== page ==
Beat Heat Exhaustion and Dehydration by Staying Cool This Summer


Heat ExhaustionIdentifying Heat Exhaustion

Heat exhaustion occurs when someone becomes dehydrated and ill due to heat. Some of the symptoms include headaches, vomiting, dizziness, muscle cramps, excessive sweating and fatigue, among others. If not treated, heat exhaustion can escalate to heat stroke, which is a potentially fatal medical emergency that can result in a coma or seizures.

If you suspect that someone is suffering from heat exhaustion, there are several steps that can be taken to cool the individual down:

  • The person should be moved to a shady place or indoors where air conditioning is available.
  • Any excess clothing should be removed to help the person feel more comfortable.
  • You can pour old water over the person from heat exhaustion. You can also pack icepacks around them if they are available.
  • If their symptoms persist or you cannot get them cooled down, it is essential to contact emergency services.

 

Identifying Dehydration

Dehydration occurs when someone’s body does not have enough water or electrolytes to function properly. Most of the body’s water is lost through sweating on hot days. Someone who is experiencing dehydration may have a number of symptoms, including sudden headaches, nausea, dizziness and even shortness of breath. Severe dehydration can be life-threatening and needs immediate medical attention. Symptoms for severe dehydration include extreme thirst, unconsciousness, fever, low blood pressure, rapid breathing and an inability to sweat or urinate.

There are simple treatments for mild dehydration:

  • Water intake should be increased by frequently drinking small amounts. Drinking a large amount of water or other fluids all at once could lead to illness and vomiting.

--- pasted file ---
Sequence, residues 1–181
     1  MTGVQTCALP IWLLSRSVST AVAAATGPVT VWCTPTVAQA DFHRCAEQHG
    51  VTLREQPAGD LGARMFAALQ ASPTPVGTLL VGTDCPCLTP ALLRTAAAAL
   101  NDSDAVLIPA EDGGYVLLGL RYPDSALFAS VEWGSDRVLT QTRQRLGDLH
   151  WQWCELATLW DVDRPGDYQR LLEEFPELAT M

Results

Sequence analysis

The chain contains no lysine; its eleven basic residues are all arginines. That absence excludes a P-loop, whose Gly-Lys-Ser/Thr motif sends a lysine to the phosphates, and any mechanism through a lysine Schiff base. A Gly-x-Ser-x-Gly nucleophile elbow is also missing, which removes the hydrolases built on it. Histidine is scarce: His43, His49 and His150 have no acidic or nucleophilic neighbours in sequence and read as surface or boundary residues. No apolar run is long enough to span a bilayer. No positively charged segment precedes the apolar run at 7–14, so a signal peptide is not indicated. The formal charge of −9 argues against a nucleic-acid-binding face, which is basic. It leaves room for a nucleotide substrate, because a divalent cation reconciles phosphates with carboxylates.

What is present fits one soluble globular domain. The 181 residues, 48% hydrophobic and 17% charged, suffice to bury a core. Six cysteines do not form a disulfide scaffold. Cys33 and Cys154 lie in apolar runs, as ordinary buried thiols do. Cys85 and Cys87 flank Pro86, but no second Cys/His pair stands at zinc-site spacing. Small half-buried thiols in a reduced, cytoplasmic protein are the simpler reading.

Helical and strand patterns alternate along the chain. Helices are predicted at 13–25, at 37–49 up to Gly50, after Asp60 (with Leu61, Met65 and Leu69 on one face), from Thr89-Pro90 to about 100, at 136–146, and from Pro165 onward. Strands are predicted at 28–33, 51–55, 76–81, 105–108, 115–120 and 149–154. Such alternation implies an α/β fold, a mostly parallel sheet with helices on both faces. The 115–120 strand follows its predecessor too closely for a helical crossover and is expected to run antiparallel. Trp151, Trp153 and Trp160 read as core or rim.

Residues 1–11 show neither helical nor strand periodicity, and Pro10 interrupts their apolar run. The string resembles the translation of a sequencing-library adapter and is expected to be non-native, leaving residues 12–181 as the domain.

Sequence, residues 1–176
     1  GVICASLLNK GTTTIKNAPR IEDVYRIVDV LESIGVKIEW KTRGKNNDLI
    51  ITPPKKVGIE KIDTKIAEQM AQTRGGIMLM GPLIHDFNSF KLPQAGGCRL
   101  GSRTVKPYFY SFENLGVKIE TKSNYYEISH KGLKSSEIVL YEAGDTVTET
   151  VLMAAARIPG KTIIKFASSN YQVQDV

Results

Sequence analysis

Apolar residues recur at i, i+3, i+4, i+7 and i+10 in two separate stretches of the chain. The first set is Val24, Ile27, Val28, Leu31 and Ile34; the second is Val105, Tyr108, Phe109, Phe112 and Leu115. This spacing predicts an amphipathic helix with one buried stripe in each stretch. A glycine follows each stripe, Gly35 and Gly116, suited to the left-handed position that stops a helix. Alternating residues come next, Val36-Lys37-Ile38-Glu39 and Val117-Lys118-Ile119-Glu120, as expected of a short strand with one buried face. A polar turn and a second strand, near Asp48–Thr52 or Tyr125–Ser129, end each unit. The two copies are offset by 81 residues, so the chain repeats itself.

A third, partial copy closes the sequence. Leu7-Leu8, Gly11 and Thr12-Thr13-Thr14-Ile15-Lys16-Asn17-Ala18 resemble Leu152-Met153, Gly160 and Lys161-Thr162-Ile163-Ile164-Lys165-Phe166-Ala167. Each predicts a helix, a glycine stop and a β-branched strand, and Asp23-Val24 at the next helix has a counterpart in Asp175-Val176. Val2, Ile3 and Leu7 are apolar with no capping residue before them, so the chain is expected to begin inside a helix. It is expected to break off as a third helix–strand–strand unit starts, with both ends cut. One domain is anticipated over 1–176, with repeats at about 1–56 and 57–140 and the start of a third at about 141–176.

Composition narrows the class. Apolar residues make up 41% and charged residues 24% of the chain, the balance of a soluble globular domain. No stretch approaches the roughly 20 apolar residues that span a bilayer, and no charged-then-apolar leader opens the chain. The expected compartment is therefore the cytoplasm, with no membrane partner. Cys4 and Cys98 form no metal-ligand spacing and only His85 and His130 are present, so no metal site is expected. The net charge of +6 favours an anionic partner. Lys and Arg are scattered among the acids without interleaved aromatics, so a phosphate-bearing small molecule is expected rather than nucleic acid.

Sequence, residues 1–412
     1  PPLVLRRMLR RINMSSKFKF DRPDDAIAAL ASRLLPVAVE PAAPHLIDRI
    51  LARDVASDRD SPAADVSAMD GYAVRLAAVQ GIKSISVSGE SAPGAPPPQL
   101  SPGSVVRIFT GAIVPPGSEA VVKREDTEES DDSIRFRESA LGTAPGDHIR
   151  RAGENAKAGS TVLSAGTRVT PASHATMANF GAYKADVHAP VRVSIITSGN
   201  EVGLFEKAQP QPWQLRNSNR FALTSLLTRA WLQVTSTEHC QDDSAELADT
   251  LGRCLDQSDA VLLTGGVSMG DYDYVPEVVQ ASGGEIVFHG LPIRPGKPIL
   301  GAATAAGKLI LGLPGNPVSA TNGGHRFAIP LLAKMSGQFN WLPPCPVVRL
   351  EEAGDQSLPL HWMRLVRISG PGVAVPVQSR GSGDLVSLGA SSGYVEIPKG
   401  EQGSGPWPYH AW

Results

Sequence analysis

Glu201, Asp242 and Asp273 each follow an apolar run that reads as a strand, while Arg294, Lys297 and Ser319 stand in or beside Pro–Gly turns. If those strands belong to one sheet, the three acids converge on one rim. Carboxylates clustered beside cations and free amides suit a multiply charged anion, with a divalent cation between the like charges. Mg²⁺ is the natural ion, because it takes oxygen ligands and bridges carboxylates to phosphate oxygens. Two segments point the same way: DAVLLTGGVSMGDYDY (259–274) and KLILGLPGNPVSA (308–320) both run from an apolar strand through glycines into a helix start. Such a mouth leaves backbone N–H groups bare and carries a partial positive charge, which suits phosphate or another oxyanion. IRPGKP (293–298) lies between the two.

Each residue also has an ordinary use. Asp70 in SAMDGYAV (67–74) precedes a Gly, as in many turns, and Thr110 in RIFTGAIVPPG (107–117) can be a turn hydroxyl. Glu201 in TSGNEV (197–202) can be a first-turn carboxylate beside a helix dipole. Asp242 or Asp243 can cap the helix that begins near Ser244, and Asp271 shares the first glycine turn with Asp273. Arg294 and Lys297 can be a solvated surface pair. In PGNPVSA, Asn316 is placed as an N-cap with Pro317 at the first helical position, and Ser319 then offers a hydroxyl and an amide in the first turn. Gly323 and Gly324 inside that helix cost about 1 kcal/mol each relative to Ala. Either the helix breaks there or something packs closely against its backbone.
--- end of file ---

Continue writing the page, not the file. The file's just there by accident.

• Sucking on ice chips can ensure that fluids are going back into the body slowly.
  • Eating ice pops can help balance electrolytes. Popular sports drinks also have electrolytes, but they also contain a high amount of sugar. Therefore, these should be avoided by young children or individuals suffering from diarrhea.

For severe dehydration, the person may require an IV to replace fluids at a hospital or in an emergency room.

Tips for Staying Cool

Drinking water and staying indoors in the air conditioning are easy ways to beat the heat. However, everyone wants to enjoy the summer while it lasts. You don’t need to suffer episodes of dehydration and heat exhaustion to enjoy the great outdoors.
While keeping yourself hydrated is a must, here are several additional ways to stay cool when temperatures skyrocket:

  • Make Your Own Popsicles: One of the easiest ways to stay cool is to eat something cold. By making your own popsicles, you can even get the kids involved. Experiment with different healthy fruit juices and fruit pieces to create a tasty snack that will get everyone to sit down and take a break to cool off.
  • Stick with Cold Foods and Drinks: Keep your meals light and full of chilled fruits and vegetables. Eat small amounts during the day rather than one big meal. Digestion generates body heat and eating less more frequently will keep you cooler.
  • Leave the Kitchen Appliances Off: The oven generates quite a bit of heat. Avoid cooking foods that require the oven during the hottest parts of the day to give your air conditioner a break. Use a slow cooker for your big meals.
  • Use a Cold Cloth: If you find yourself outside working in your yard or garden, placing a cold cloth on the back of your neck will cool you down. You can also soak a cloth headband in ice water and wrap it around your head.
  • Use Ice with Your Fans: If you use floor fans, placing ice behind the fan will cool the air that is being blown into the room.

By staying cool, you and your family will be sure to have an enjoyable and memorable summer this year.

 

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